I had no idea how captivated I would become by the sights, sounds, and smells of the rainforest while at Luna Nueva. On our morning tour of the property, we even discovered a jaguar paw print! It was an auspicious sign since the fundraising effort we were covering in our story was designed to support a corridor for larger predators such as the jaguar. The very knowledgeable General Manager, Steven Farrell, took us through the Sacred Seed Sanctuary, where we learned about the varied herbs of the rainforest (even sampling a few). And we conducted our photo shoot in the Chachagua River of all places!
While I visited Luna Nueva for work and education, it also provides loads of fun. For you adventurers, Luna Nueva is located near fantastic river rafting, zip lining and hiking/cycling treks to the Arenal Volcano and hot springs. The warm and helpful staff can help you arrange whatever kind of adventure you desire at reasonable rates. There are rainforest hikes for all fitness levels available during the day and night and birding tours that can be arranged. The farm boasts more than 220 species of birds!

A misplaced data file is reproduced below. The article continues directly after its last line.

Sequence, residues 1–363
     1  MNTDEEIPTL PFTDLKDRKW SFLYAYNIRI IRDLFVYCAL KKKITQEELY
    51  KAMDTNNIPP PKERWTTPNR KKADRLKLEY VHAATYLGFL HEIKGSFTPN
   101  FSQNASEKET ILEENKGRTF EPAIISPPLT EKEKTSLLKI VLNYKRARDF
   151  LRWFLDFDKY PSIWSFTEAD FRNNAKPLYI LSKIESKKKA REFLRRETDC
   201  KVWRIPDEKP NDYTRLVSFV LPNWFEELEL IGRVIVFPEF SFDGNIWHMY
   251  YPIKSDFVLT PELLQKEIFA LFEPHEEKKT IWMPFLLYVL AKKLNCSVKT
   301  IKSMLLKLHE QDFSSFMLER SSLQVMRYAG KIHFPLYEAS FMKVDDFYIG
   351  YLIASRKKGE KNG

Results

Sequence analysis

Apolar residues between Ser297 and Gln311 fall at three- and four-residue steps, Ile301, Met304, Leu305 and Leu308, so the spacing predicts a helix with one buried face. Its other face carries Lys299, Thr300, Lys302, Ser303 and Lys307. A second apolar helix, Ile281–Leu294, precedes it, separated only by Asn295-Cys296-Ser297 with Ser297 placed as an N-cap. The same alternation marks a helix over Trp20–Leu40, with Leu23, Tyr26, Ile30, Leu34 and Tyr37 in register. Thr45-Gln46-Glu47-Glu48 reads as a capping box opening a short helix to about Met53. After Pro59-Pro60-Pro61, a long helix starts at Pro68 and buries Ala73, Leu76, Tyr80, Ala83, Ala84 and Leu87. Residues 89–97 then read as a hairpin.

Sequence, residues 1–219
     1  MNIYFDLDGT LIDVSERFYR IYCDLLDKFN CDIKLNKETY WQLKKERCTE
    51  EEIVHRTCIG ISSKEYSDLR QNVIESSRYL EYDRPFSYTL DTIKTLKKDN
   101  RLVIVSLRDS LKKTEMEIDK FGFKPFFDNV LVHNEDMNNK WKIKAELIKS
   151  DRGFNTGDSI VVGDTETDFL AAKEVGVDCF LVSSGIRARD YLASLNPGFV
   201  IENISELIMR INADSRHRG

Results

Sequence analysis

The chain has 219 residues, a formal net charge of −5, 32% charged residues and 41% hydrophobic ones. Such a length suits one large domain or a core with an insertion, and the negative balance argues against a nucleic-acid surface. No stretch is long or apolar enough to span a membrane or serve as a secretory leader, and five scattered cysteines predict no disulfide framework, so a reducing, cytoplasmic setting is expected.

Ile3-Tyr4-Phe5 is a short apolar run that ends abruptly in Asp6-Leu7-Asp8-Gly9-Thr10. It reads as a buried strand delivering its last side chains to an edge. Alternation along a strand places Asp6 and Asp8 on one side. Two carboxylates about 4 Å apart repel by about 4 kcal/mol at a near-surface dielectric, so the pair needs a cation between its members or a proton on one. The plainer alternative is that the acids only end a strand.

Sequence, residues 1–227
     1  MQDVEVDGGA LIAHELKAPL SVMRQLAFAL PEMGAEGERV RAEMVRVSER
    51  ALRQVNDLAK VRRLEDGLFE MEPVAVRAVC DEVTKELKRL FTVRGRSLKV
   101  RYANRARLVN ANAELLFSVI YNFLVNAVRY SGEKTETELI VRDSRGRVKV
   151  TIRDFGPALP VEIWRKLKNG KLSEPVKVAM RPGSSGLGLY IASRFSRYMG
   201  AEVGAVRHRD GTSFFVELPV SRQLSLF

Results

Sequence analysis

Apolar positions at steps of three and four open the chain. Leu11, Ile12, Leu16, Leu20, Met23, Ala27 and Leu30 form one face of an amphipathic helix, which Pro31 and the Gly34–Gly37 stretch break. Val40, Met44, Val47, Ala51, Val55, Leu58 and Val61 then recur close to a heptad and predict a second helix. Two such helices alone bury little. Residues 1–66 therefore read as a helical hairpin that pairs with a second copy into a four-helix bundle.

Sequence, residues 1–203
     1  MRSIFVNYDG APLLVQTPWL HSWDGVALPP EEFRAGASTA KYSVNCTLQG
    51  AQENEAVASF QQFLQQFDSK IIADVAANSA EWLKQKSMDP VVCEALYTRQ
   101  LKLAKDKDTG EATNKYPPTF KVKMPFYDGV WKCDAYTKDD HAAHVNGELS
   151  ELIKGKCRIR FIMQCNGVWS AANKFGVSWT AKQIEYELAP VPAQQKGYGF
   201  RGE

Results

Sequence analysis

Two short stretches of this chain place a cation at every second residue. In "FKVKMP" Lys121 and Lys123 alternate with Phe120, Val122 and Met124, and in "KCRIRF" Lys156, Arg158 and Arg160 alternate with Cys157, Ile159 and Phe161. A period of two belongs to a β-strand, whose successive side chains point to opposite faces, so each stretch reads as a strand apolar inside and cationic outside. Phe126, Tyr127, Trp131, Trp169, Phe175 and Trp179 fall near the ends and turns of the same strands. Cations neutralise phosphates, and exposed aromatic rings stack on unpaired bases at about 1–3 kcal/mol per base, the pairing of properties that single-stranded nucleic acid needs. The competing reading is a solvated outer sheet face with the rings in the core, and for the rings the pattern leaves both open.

But my favorite “moment” occurred atop the 50-foot observation tower, which allows guests to view the forest canopy and surrounding area. One evening as I gazed out at the fireflies bouncing above the canopy of the forest, feeling a gentle breeze on my face and hearing the sounds of monkeys and birds, I felt a deep sense of peace. Something about the rainforest made me feel very connected to the world in a spiritual way — it felt like home. It was no less than magical. The feeling continued the next morning as I gazed out at a tall tree with several oropendulas making a ruckus. A blackish/brownish colored bird with a flash of yellow feathers on its underside, the oropendulas were perched on several branches and each one did a mock dive forward as they made a distinctive call.